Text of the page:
The news is full of stories about our overburdened foster-care system, the dire need for more adoptions and foster families, and the abuse and neglect that leads to more than 400,000 children living in U.S. foster care on any given day.
Sadly, all that is true. But there’s something crucial missing from the headlines. Something I saw day in and day out in my years as a child-welfare case manager, and later as the director of a foster-care agency: Too often children end up in state care not due to physical abuse or the irreparable breakdown of the family, but instead due to what might be temporary problems exacerbated by unemployment, poverty and the breakdown of relationships that nourish and support the family.
By finding parents meaningful work and mending those vital relationships—with family and friends, neighbors and employers, faith and community groups—we can protect more children from neglect and abuse while keeping more families together and easing the burden on our foster-care system. The numbers are staggering. More than a third (37%) of children in the U.S. undergo an investigation from child protective services for referrals for child abuse or neglect before their 18th birthday. More than 8 in 10 (85%) families investigated have an income below 200% of the federal poverty line.
While a growing percentage of that abuse and neglect is due to substance abuse and mental illness, the root cause in many cases is the stress on homelife that accompanies joblessness, poverty, and eventually hopelessness.
Poverty, I’ve learned, isn’t just a lack of money but a lack of relationships. When you’re in a crisis and you’re poor, you don’t have the luxury of calling a babysitter when you’re searching for work, driving to interviews, or called in at the last minute for temporary work. Moreover, poverty often leads to isolation from your peers, family members, and community, sparking a chain reaction that lands your children in foster care.
I know this because I experienced it growing up. When my father went to prison for stealing to support his opioid addiction, my siblings and I may have ended up in foster care if not for the determination of my mother and the help of our family, local community, and faith leaders. We needed a helping hand not a handout—and that’s exactly what they offered us with much-needed emotional and moral support, childcare, acceptance, understanding, and a job when my dad got out of prison.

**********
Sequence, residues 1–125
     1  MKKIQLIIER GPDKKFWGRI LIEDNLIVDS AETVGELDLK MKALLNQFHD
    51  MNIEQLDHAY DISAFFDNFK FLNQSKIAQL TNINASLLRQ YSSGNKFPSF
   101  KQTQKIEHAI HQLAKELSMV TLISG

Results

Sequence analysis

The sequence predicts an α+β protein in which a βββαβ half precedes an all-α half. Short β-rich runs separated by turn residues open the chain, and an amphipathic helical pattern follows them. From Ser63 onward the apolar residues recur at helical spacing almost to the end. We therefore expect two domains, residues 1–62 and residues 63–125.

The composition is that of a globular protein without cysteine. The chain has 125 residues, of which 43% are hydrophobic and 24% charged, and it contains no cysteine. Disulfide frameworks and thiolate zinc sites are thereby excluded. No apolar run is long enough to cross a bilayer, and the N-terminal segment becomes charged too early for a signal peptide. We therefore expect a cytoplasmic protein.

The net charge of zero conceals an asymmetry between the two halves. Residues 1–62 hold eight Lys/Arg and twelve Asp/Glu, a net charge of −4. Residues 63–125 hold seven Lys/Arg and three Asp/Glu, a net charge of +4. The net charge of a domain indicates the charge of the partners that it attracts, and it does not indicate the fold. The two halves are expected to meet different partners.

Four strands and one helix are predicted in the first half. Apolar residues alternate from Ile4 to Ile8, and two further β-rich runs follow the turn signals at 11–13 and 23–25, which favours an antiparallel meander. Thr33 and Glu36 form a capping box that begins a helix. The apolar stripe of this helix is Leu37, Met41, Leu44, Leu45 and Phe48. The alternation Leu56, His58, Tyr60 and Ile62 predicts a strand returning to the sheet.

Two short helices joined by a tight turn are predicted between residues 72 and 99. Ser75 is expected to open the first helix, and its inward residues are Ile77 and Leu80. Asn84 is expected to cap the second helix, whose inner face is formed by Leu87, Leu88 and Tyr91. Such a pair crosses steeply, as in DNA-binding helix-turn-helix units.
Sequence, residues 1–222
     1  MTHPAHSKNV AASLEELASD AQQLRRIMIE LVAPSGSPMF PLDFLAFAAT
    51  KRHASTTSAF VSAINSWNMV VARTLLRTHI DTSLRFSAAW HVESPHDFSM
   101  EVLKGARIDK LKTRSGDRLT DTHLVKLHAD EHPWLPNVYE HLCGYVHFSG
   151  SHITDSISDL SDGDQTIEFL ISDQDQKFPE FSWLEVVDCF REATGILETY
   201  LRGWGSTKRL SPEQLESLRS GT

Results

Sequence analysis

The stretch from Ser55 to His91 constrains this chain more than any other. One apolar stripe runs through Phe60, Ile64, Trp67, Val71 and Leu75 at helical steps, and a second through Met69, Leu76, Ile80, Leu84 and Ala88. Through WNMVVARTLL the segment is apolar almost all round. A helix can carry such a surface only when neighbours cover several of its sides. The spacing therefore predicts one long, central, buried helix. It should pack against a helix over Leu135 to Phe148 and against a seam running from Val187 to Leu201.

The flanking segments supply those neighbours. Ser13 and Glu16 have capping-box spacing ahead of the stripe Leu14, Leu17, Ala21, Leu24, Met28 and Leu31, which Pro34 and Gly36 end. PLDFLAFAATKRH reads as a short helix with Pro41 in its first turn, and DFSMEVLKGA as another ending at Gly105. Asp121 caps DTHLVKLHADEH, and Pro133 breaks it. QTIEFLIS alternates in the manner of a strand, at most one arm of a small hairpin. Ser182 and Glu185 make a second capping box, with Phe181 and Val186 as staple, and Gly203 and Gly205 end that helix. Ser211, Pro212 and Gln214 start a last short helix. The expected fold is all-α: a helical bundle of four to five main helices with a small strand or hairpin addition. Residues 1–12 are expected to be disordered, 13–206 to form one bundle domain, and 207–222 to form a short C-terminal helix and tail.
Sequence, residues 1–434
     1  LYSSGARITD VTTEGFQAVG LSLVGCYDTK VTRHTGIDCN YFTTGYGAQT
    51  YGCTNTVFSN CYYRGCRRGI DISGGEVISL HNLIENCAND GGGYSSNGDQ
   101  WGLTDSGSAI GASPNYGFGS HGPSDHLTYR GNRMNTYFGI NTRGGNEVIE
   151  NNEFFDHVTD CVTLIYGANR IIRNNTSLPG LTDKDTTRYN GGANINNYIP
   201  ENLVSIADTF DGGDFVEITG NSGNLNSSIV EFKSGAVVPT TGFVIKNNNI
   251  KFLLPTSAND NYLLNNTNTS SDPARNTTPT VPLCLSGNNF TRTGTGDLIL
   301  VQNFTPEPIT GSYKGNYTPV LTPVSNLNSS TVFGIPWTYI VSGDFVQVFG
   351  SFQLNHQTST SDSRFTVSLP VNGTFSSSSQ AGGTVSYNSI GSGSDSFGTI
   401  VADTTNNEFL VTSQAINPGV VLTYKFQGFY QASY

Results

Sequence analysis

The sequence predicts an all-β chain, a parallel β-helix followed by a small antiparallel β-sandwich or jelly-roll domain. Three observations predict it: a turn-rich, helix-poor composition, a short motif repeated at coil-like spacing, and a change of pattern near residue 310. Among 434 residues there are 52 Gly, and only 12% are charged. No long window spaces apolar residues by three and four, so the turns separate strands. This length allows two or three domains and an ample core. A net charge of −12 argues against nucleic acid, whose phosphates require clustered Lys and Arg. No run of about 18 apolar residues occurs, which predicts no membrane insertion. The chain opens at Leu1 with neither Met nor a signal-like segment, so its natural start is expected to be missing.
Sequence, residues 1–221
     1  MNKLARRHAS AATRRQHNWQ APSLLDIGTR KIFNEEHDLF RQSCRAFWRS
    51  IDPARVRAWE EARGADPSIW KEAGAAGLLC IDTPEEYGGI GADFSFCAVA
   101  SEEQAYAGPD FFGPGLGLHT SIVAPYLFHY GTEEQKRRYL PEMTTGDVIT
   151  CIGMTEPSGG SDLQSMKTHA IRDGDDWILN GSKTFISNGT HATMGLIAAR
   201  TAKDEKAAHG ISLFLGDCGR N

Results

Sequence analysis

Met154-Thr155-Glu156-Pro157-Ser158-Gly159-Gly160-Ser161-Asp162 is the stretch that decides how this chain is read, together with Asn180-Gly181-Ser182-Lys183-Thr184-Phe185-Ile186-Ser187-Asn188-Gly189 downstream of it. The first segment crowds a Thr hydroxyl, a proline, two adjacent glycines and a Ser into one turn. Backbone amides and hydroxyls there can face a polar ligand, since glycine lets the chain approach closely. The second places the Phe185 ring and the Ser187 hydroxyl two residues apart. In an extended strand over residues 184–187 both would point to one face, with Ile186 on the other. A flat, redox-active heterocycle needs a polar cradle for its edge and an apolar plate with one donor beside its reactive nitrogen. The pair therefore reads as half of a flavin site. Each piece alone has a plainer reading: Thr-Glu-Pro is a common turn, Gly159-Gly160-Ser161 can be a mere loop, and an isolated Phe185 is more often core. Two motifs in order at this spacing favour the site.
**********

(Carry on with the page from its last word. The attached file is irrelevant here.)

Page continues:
When I worked as a child-welfare case manager, I saw it again and again: families without those key relationships usually lost their children; those with them didn’t. As director of a foster-care agency, I saw something similar. Foster families with those meaningful relationships provided safe and stable homes; while those without them struggled to create a nurturing, foster-care environment. At Better Together, the Florida-based nonprofit I’ve headed since 2015, we provide community-based support and job training to help prevent the poverty, neglect, and abuse that may result in a child being taken into state custody.
Over 60% of the families we serve are introduced to us by law enforcement and child investigators. Better Together focuses on dedicating more resources to families upstream—before children are removed from their birth families—as an effective and humane way to keep the foster-care system from overload.
Our “families-helping-families” approach helps couples succeed as spouses and parents, and single parents thrive. When a crisis occurs, the families we serve typically have no one to call for help. Our volunteers step in, caring for their children in their homes while helping parents find work, housing, counseling, or treatment for substance abuse.
This approach has proven successful in our home state of Florida. Since 2015, we’ve served 9,000 children and 42,000 job seekers through two programs: Better Families and Better Jobs. Nearly all (98%) of the families we serve have no further involvement with child services.
If you have children, reflect on your own parenting experience and the relationships you depend on. How many times have you reached out to others—friends, relatives, coworkers, your faith community—for help in a pinch or full-blown crisis?
We should all be blessed with such relationships, especially when it means keeping a family together in a safe and loving home.
Megan Rose is founder and CEO of Better Together, a Florida-based nonprofit that supports struggling parents by helping them work to build a better life, keep children out of foster care, and ultimately reunite families.